Could you live on 4 liters of water a day? That’s the equivalent of about a gallon. And when it comes down to it, that’s just not very much water. Unfortunately, that’s about all the clean water millions of people in the world have access to – not just for drinking or washing or cooking, but for everything they do. 4 liters. 1 gallon. DigDeep.org thinks that’s wrong – and so do I. That’s why I agreed to take DigDeep’s 4Liters Challenge. I want to help them raise awareness — and money — so more people can have access to clean, safe water.
To take the challenge, I filled up four liter-size bottles of water and used them over the course of a 24-hour period. In doing so, here’s what I realized:
* I would use more than the water I had all day to flush my toilet just once (but most people usually flush their toilets once an hour – you definitely couldn’t do that on 4 liters a day).
* I could wash my face and hands only twice in the day. I could wet a wash cloth and wipe off my body, but definitely not take a shower. Shampoo my hair? No.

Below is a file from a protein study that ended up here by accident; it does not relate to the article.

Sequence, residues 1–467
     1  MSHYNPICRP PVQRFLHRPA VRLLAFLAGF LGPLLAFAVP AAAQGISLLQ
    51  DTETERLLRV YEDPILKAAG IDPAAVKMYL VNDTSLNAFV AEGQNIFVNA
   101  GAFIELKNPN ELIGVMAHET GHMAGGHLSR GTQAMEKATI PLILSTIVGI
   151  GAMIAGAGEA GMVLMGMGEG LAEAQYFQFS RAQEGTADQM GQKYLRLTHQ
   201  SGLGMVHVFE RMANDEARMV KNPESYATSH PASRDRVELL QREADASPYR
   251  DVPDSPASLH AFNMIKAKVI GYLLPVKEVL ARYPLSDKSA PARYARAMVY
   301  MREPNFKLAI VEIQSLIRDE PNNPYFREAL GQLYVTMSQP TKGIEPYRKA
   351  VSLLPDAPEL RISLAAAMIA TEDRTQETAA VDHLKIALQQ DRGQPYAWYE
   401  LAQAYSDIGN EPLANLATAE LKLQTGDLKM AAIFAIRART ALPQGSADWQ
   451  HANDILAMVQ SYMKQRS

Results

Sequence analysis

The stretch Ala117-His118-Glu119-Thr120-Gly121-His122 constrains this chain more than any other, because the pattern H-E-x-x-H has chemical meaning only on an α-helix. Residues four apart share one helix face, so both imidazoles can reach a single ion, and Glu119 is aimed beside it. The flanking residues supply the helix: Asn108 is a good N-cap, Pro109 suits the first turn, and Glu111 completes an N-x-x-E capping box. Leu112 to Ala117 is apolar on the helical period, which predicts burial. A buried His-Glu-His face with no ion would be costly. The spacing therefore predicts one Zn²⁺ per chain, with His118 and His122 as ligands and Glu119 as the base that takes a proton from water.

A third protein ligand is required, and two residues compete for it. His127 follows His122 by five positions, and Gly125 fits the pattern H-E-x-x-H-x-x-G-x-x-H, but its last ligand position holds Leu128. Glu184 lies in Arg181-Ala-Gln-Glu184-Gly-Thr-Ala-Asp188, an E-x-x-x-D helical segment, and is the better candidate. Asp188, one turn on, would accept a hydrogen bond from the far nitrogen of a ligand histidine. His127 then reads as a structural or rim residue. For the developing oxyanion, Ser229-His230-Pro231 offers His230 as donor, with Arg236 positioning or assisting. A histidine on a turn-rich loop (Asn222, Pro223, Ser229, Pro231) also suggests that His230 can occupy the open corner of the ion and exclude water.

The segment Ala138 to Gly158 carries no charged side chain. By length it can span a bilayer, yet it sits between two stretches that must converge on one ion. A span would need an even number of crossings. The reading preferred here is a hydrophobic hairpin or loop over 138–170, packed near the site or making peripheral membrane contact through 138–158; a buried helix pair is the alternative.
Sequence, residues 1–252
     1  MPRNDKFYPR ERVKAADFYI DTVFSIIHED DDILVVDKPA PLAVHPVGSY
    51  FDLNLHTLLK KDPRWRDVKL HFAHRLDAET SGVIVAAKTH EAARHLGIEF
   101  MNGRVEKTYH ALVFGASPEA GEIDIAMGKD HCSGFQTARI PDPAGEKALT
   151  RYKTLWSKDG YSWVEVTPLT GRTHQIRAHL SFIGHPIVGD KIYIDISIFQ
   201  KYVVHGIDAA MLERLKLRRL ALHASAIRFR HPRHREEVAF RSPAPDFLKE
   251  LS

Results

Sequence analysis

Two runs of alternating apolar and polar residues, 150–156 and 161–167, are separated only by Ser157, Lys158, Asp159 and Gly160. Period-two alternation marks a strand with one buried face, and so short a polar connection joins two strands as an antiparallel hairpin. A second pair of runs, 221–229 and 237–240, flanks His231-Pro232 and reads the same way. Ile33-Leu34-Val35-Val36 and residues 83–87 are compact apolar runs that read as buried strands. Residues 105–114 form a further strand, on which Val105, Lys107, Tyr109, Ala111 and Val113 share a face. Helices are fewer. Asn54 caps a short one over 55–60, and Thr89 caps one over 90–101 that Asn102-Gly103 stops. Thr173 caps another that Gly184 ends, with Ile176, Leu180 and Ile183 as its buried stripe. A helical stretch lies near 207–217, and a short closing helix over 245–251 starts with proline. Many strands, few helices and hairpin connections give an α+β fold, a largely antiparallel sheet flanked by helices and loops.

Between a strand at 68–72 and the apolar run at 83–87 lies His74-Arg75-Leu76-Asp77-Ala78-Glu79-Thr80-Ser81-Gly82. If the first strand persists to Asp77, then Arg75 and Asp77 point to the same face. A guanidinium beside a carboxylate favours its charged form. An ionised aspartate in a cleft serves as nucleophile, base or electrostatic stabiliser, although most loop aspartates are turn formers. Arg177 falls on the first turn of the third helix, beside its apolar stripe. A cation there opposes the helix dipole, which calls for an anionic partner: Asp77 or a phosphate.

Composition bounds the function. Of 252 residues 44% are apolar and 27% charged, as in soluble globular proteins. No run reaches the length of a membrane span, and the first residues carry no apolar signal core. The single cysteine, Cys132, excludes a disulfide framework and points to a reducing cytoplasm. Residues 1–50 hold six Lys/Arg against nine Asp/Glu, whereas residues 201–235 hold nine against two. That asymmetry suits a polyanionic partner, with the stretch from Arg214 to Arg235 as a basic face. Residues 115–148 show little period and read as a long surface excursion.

* On normal days, I use just about 4 liters of water every day to make a pot of coffee, 4 or 5 cups of tea, wash the fruit I eat for breakfast and the salad ingredients I eat for lunch. During the Challenge, that could have used up all the water I had, so I cut out the coffee, made only two cups of tea, and wiped off my fruit instead of washing it.
* Once I used my water for tea, coffee, and food washing, there was no water left over to boil water for rice or pasta, to make soup, or just to drink with some ice and a squeeze of lemon and lime.
* There definitely was not enough water to wash dishes, let alone run the dishwasher.
* Laundry? Forget about it. Housecleaning? Nope.
* Lawn? Garden? No water for watering outdoors or in.
You’ll notice that the list of what I COULD NOT do on 4 liters of water a day is much longer than what I could do. Lucky for me, I suffered this water scarcity for only one day.
But what if this were your reality day after day after day?
For millions of people, it is. DigDeep is trying to change that. The organization defends access to water as a “basic human right,” says the organization’s energetic founder, George McGraw. DigDeep also helps communities build sustainable water projects that improve water access for the people who need it. And of course, DigDeep runs the 4liters challenge to educate water-rich people like you and me about this precious resource.
I hope you’ll take the 4liters challenge, and I also hope you’ll help support DigDeep financially. The group is asking for a small $40 tax-deductible contribution, but you don’t have to donate to participate in the challenge.
By the way, while you’re at it, invite your friends to participate, too.
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